Vectors and Delivery

For gene transfer, it is necessary to incorporate the desired cDNA into various vectors, such as appropriate plasmids or replication-deficient viruses. Vectors used for transfection generally possess two essentially independent functions: 1) carrying genes to the target cell and 2) expressing the genes properly in the target cell. There are currently many commercial vectors with different features from which to choose, and the choice is dependent on the purpose of the experiments and on the characterizations of exogenous desired genes. In one form of transfection, stable transfection, cells expressing the gene of interest can be actively selected by a marker (e.g., neomycin resistance genes, Neo), and the cDNA or other type of foreign DNA is stably integrated into the DNA of a chromosome. In transient transfection, however, cells express the gene of interest for a few days. Cells for hosting the foreign DNA can be either established cell lines or primary cultured neuronal cells. The desired cDNA delivered into cells may be native genes, fragments of the genes, mutant genes, or chimeric genes.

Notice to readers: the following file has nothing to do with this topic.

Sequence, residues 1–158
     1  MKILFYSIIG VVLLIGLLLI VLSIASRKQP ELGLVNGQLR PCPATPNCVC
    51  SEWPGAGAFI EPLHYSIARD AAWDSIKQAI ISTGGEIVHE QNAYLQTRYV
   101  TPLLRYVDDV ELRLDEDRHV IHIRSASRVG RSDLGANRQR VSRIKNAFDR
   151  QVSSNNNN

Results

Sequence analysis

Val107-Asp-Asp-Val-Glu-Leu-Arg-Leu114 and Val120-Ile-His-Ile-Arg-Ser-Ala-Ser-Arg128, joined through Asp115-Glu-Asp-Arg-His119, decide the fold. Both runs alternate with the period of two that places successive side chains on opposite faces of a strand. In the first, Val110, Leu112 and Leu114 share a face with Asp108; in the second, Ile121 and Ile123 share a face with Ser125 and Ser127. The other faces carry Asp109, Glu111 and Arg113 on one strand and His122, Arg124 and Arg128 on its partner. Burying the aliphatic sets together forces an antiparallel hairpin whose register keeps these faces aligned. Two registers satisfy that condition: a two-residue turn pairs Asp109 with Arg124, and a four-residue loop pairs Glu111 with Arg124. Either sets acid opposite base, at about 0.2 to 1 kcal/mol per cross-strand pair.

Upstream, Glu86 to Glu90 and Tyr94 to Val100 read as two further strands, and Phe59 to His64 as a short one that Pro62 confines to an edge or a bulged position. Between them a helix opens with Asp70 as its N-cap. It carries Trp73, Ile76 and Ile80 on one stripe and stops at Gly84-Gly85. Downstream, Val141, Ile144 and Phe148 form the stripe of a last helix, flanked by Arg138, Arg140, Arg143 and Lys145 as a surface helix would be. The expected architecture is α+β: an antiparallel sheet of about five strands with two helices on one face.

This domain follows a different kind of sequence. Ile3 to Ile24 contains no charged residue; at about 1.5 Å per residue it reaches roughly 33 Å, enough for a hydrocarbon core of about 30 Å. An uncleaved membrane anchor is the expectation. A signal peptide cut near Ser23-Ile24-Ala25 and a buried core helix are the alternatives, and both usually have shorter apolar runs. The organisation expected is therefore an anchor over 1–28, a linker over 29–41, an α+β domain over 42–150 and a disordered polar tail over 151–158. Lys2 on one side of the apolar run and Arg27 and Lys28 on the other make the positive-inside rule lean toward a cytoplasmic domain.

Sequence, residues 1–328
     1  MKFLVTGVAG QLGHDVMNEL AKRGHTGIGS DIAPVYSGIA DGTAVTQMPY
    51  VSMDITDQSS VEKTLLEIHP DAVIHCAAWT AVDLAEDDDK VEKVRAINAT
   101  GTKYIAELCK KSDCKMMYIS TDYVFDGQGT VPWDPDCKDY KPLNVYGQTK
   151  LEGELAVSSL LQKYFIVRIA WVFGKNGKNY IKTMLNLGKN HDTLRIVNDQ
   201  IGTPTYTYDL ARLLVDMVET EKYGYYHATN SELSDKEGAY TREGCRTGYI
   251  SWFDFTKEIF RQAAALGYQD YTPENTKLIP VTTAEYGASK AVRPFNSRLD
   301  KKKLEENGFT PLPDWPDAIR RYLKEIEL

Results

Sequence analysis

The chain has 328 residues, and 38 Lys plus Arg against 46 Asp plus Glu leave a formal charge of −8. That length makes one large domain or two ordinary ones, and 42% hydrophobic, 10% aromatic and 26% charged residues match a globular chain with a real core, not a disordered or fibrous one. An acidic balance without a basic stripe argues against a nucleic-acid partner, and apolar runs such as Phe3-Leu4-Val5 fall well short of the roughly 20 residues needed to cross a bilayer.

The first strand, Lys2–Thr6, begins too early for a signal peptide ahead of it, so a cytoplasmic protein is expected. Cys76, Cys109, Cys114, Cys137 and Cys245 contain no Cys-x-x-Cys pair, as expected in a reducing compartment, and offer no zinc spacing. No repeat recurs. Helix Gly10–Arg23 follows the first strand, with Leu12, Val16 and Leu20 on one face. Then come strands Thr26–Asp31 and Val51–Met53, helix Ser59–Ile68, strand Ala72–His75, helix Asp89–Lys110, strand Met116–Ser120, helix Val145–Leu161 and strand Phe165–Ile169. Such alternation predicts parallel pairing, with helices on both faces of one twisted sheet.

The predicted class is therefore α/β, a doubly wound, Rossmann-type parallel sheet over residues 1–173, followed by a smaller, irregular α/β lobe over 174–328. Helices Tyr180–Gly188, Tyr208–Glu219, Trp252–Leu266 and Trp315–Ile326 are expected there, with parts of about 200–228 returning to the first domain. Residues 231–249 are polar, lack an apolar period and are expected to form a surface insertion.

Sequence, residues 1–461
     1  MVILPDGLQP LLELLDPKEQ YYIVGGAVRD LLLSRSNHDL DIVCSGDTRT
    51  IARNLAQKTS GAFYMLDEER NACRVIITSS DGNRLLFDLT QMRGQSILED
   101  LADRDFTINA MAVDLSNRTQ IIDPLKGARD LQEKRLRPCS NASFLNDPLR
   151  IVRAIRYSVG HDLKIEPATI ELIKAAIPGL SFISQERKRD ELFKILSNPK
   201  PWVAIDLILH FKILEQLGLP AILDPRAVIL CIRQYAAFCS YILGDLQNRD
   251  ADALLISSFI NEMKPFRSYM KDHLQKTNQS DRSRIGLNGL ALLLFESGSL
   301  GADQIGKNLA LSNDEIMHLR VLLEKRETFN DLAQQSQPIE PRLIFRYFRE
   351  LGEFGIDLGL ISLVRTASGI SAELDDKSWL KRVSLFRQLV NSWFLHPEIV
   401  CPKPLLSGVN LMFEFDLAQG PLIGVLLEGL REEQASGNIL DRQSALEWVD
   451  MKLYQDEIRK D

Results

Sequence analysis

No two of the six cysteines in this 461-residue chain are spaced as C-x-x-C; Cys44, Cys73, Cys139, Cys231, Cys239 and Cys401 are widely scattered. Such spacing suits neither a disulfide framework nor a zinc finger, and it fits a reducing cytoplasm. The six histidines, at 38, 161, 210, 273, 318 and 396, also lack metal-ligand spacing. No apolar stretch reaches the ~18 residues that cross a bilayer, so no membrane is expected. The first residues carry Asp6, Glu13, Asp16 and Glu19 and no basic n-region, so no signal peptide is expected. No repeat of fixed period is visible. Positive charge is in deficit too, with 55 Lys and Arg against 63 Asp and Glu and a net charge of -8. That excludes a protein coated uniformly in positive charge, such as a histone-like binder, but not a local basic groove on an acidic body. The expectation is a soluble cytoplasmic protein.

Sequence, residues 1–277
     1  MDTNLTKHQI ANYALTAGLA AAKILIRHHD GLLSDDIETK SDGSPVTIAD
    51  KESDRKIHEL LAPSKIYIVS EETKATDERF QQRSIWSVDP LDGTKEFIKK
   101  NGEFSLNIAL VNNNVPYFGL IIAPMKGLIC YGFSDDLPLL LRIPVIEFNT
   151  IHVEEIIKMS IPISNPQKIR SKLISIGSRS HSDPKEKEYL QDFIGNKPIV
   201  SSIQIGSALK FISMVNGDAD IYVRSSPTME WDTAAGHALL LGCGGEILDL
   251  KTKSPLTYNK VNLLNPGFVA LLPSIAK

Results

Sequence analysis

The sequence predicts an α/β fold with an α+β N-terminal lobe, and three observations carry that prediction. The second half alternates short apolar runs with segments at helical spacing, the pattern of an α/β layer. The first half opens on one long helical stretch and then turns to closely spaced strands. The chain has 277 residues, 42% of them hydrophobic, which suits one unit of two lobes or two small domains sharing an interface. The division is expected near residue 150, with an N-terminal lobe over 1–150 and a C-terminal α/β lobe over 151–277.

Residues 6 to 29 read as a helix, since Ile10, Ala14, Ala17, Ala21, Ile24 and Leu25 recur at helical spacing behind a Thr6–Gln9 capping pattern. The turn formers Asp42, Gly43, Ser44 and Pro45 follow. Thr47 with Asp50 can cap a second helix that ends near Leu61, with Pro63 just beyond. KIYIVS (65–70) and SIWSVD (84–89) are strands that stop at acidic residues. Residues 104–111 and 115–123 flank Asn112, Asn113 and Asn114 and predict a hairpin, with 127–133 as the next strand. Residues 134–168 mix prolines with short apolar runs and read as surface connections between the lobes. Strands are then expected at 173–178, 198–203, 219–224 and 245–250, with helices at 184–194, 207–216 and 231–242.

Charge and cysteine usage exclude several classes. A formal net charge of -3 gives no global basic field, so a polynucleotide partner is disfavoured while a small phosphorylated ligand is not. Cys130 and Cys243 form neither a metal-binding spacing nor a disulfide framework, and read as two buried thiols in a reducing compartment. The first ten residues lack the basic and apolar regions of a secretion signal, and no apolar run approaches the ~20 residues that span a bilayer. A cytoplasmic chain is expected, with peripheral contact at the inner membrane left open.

The main barrier to the delivery of DNA into cells is getting the foreign DNA through the cellular membrane. Over the past decades, various methods have been developed to convey the foreign DNA molecules into mammalian cells. These include chemical or physical techniques, such as calcium phosphate coprecipitation of DNA, liposome fusion, electroporation, microinjection, ballistic injection, and viral infection. At present, methods dependent on incorporation of DNA into cationic liposomes (e.g., lipofectin) are used most widely. These methods of transfection are accessible to both cell lines and cultured primary neuronal cells. The ratio of DNA to liposomal suspension, cell density, and time duration of exposure to the DNA-liposomal complex must be optimized for each cell type in culture.

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